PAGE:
Hamas, a U.S. designated terror group, is believed to be holding about 100 hostages still, after 100 were released during a weeklong cease-fire in November. The Israeli military says 31 have died or were killed during their captivity.

The Hamas-run Gaza Health Ministry said the death toll of Palestinians killed overnight in the Israeli attacks could rise as rescue operations continue. A Reuters journalist at the scene saw a vast area of rubble where buildings, including a mosque, had been destroyed.

“I’ve been collecting my family’s body parts since the morning,” said Ibrahim Hassouna, as a woman knelt over the body of a young child nearby. “I only recognized their toes or fingers.”

Repeated Israeli evacuation orders have pushed Palestinian civilians farther and farther south in Gaza, with many living in tent camps and overcrowded United Nations shelters in the Rafah area.

But with Rafah located at the southwestern edge of Gaza along the Egyptian border, the shift in Israel’s focus of operations from northern Gaza to areas in the south has raised international concerns about where Palestinians can safely go.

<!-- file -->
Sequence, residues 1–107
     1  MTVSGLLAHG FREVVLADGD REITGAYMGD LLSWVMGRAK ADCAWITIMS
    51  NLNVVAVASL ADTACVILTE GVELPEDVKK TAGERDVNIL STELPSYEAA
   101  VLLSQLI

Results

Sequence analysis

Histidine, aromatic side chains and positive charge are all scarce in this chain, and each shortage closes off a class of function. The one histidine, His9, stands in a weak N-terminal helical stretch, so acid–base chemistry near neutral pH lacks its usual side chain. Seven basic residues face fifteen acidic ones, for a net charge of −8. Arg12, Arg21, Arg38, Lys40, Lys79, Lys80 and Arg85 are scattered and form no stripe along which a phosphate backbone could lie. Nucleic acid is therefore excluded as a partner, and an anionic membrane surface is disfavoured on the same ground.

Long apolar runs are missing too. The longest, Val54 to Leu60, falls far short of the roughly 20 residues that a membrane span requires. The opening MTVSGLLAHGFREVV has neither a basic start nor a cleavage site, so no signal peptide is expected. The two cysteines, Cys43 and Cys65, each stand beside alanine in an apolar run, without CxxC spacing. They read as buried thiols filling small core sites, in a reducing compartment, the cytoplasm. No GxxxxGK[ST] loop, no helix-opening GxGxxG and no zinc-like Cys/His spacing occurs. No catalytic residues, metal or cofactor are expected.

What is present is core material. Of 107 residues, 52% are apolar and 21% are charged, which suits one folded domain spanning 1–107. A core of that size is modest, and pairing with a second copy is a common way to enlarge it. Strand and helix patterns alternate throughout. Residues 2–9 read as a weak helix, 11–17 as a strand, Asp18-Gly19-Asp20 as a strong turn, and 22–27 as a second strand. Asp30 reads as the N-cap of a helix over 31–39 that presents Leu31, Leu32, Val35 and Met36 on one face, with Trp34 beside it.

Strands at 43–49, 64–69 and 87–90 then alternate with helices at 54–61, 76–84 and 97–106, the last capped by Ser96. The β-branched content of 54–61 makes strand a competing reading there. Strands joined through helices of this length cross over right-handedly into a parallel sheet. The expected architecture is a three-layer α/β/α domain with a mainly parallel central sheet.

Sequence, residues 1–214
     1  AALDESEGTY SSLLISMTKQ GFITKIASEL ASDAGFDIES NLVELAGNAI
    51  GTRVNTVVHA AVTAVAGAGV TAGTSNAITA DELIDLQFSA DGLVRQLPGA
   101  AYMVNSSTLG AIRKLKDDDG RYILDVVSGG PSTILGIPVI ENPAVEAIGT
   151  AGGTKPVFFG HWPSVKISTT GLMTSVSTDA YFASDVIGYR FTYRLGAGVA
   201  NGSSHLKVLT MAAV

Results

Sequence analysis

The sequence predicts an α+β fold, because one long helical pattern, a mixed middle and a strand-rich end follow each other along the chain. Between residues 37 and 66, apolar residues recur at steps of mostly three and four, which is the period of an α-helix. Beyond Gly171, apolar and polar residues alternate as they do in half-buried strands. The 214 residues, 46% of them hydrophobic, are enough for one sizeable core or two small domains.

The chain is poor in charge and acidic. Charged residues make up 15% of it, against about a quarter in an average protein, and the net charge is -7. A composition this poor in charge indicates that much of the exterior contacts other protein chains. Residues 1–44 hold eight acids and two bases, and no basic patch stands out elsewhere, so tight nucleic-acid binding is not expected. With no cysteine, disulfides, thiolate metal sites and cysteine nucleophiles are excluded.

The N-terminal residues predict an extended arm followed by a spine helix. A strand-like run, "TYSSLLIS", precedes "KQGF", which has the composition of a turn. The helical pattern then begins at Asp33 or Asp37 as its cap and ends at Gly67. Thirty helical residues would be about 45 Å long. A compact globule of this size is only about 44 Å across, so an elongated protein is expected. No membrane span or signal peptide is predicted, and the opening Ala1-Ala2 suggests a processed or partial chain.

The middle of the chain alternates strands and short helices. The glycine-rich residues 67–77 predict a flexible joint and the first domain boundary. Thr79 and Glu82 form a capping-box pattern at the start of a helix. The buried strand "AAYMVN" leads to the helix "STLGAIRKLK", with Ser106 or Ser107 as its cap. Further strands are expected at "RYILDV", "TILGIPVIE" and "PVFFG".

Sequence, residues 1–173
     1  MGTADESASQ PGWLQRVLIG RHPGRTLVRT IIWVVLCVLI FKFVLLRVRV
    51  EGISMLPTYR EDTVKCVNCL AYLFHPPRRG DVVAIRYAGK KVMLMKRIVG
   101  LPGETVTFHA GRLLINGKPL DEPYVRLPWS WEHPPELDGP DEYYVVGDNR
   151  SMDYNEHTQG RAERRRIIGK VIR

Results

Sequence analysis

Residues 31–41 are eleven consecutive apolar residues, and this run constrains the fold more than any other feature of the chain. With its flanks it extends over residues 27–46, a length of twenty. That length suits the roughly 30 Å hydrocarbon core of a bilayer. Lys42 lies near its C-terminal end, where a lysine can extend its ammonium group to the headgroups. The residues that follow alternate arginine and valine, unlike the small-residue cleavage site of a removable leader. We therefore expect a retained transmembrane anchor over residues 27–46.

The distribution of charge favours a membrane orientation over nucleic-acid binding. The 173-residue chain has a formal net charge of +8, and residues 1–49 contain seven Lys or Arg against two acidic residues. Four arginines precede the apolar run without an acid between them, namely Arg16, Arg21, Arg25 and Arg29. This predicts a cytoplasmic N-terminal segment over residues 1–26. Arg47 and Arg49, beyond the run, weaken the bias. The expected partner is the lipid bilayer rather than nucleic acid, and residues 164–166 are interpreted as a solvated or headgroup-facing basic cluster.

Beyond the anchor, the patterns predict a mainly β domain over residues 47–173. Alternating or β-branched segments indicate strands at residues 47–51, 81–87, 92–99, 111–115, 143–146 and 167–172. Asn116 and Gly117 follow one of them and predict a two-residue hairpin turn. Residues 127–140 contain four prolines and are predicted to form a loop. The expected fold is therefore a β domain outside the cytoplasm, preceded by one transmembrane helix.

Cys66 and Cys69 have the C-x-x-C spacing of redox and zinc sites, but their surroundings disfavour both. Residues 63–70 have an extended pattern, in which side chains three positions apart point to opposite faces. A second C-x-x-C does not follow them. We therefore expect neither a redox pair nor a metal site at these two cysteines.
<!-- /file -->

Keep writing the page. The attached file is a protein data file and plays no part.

Meinie Nicolai, director general of the medical aid group Doctors Without Borders, called Monday for Israel to halt its offensive in Rafah and for other countries to “take concrete action” to bring a sustained cease-fire.

“Nowhere in Gaza is safe, and repeated forced displacements have pushed people to Rafah, where they are trapped in a tiny patch of land and have no options,” Nicolai said in a statement.

U.S. President Joe Biden spoke to Netanyahu by phone Sunday and told him Israel shouldn’t go forward with a military operation in Rafah without “a credible and executable plan for ensuring the safety of and support for the more than 1 million people sheltering there,” a White House statement said.

Netanyahu, in an interview broadcast Sunday on ABC’s “This Week” show, reiterated his intention to order Israeli troops to attack Hamas battalions in Rafah, saying victory cannot be achieved over the militants in Gaza without clearing them out of the town on the Egyptian border.

When asked where the Palestinians — many already sheltering in makeshift tents — would go, Netanyahu said only that Israeli officials are “working out a detailed plan.”